It is true that the union could ask and in many instances secure the required explicit assents. It seems to be suggested that this might be done by expressly designating a specific portion of the dues for political uses, possibly though not at all clearly by by-law or constitutional provision, possibly by earmarking upon statements of dues payable. But it is not made clear whether the member could refuse to pay the earmarked portion and retain membership or would have to pay it to remain in that status. If the latter is true, the section affords little real "minority protection"; if the former, the dissentient is given all the benefit derived from the union's political publicity without having to pay any part of its cost. This is but another of the important and highly doubtful questions raised on the section's wording and construction.
If merely "minority or dissenter protection" were intended, it would be sufficient for securing this to permit the dissenting members to carry the burden of making known their position and to relieve them of any duty to pay dues or portions of them to be applied to the forbidden uses without jeopardy to their rights as members. This would be clearly sufficient, it would seem, to protect dissenting members against use of funds contributed by them for purposes they disapprove, but would not deprive the union of the right to use the funds of concurring members, more often than otherwise a majority, without securing their express consent in advance of the use.
It would be a very great infringement of individual as well as group freedoms, affecting vast numbers of our citizens, if labor unions could be deprived of all right of expression upon pending political matters affecting their interests. But we need not now decide whether § 313 has gone so far.
For if we assume that the objects said to have been the motivation for enacting § 313 can sustain substantial limitations upon the rights of free expression and assembly,
We have only the broad and indefinite words "expenditure in connection with any election." Apart from the literal sweep of "expenditure" and the large area of doubt created by efforts to confine it, what is "in connection with"?
Vagueness and uncertainty so vast and all-pervasive seeking to restrict or delimit First Amendment freedoms are wholly at war with the long-established constitutional principles surrounding their delimitation. They measure up neither to the requirement of narrow drafting to meet the precise evil sought to be curbed nor to the one that conduct proscribed must be defined with sufficient specificity not to blanket large areas of unforbidden conduct with doubt and uncertainty of coverage. In this respect the Amendment's policy adds its own force to that of due process in the definition of crime to forbid such consequences. Cf. Winters v. New York, supra. If the statute outlaws all union expenditures for expression of political views, it is a bludgeon ill-designed for curbing the evils said to justify its enactment, without also curbing the rights. If the section does less, the exact thing forbidden is too loosely defined and the consequent cloud cast over the things not proscribed but within the Amendment's bearing is far too great. In this aspect and in view of the criminal sanctions imposed, the section serves as a prior restraint upon the freedoms of expression and of assembly the Amendment was designed to secure. Only a master, if any, could walk the perilous wire strung by the section's criteria.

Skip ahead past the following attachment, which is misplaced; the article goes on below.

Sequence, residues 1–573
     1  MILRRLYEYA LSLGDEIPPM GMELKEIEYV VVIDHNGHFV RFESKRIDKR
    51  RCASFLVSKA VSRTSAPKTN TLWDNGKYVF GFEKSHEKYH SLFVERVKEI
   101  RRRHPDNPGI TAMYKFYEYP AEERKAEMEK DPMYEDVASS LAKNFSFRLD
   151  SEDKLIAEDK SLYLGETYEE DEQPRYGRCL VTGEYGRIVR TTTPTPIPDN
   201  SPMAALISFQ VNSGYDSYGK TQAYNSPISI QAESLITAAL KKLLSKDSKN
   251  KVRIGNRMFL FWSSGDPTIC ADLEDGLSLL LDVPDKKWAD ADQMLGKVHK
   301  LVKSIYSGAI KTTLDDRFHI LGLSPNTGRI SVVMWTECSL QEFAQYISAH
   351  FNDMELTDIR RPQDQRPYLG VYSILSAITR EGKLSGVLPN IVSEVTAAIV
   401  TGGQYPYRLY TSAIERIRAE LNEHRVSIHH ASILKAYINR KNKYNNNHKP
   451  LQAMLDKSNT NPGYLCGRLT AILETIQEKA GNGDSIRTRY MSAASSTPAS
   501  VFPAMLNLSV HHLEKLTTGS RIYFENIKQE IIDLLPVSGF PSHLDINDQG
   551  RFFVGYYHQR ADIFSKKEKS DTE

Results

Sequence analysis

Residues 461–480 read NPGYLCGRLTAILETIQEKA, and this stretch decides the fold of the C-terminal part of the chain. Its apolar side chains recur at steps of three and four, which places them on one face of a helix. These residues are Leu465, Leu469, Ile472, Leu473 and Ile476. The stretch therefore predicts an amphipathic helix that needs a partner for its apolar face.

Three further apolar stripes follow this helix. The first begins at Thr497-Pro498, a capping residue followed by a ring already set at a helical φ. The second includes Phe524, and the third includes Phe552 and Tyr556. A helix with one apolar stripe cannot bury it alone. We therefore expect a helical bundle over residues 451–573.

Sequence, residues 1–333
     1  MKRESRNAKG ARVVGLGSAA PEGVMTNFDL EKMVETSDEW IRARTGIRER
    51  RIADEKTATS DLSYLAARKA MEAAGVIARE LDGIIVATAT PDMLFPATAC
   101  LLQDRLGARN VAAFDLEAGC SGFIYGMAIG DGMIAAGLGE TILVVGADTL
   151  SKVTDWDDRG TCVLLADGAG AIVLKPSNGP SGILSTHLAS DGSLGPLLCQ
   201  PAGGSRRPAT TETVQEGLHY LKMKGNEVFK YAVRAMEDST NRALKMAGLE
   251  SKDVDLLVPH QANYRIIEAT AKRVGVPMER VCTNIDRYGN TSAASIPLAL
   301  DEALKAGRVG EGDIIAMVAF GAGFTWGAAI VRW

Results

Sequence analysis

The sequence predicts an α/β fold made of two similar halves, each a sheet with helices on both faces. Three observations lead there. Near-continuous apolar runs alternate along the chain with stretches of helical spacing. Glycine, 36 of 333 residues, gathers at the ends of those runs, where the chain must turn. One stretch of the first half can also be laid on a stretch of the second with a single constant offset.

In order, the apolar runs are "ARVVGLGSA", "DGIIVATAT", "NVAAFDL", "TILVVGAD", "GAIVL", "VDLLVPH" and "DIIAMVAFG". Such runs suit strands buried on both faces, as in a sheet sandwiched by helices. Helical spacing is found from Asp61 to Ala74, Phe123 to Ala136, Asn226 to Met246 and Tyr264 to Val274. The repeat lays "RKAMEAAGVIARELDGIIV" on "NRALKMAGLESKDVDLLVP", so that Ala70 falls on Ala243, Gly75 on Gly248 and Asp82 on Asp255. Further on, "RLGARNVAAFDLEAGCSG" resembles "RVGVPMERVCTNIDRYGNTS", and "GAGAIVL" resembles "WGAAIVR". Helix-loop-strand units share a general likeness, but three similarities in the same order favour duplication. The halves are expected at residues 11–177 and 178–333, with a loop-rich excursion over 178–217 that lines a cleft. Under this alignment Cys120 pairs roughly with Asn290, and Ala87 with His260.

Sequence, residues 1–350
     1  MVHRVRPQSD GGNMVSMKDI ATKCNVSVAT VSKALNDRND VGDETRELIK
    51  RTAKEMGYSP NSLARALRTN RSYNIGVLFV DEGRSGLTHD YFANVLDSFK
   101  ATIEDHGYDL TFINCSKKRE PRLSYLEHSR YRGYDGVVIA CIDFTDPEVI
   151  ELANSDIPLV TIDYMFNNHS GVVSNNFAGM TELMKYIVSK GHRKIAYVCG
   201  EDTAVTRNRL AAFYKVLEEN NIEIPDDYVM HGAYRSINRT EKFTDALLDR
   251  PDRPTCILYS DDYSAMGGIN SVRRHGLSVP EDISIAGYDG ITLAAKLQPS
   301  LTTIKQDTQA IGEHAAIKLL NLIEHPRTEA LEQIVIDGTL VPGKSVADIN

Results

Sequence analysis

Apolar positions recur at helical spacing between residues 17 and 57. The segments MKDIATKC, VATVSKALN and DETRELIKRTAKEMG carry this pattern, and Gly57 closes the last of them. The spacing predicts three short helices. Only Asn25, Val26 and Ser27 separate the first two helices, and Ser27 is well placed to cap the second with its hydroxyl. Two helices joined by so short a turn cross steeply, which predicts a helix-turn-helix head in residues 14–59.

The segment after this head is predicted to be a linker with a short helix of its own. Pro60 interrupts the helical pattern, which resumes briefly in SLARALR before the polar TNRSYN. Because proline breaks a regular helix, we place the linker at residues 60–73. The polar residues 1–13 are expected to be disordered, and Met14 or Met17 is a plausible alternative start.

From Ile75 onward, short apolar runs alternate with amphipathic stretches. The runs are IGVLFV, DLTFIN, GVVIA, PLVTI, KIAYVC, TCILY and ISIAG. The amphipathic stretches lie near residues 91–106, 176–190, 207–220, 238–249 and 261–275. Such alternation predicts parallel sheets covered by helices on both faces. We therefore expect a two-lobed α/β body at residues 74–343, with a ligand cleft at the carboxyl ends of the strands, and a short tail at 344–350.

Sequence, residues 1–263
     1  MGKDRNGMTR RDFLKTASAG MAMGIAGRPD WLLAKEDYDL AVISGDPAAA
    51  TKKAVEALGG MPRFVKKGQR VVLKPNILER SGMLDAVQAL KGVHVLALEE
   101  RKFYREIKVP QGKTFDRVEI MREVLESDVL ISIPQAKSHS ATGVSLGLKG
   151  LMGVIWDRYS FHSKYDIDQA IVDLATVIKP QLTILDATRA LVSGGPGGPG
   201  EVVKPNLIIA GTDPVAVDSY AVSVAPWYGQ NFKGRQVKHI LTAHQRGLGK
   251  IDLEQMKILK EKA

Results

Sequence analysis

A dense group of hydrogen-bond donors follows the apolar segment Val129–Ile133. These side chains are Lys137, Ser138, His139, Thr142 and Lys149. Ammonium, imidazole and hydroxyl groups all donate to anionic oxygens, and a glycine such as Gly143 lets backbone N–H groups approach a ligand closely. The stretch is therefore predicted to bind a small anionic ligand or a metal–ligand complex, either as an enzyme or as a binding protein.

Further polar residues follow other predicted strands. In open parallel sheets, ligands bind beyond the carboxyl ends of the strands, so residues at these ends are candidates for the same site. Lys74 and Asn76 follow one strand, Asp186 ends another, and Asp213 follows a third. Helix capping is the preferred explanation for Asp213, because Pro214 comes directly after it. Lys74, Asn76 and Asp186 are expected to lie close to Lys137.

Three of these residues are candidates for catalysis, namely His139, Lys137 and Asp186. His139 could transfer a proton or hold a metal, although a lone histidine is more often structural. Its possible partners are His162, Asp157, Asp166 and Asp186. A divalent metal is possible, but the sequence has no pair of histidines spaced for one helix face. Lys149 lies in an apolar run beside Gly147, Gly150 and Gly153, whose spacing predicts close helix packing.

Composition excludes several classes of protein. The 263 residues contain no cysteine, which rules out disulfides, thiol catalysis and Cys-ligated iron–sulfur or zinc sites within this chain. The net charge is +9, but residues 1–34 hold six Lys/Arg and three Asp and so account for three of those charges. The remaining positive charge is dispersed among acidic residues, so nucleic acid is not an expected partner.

The force of these considerations is vastly multiplied when it is recalled that, unless they were effective to nullify the section in its application to publicizing activities, the broadly prohibitive and blanketing consequences
The argument for applying and sustaining the section in its presently attempted application has gone largely upon the assumption that it would be valid as applied to similar corporate publications, excepting possibly the regular press. The assumption is one not justified by any decision of this Court, which has the final voice in such matters. There are of course important legal and economic differences remaining between corporations and unincorporated associations, including labor unions, which justify large distinctions between them in legal treatment. But to whatever extent this may be true, it does not follow that the broadside and blanketing prohibitions here attempted in restriction of freedom of expression and assembly would be valid in their corporate applications. Corporations
Finally, if § 313 is taken in the Court's construction, in my opinion its constitutionality stands in no better case. For I know of nothing in the Amendment's policy or history which turns or permits turning the applicability of its protections upon the difference between regular and merely casual or occasional distributions. Indeed pamphleteering was a common mode of exercising freedom of the press before and at the time of the Amendment's adoption. It cannot have been intended to tolerate exclusion of this form of exercising that freedom. Nor does making the difference between distribution to dues-paying members only and distribution to outsiders or the public, whether with or without price, make a constitutional difference. The Amendment did not make its protections turn on whether the hearer or reader pays, or can pay, for the publication or the privilege of hearing the oral or written pronouncement. Neither freedom of speech and the press nor the right of peaceable assembly is restricted to persons who can and do pay.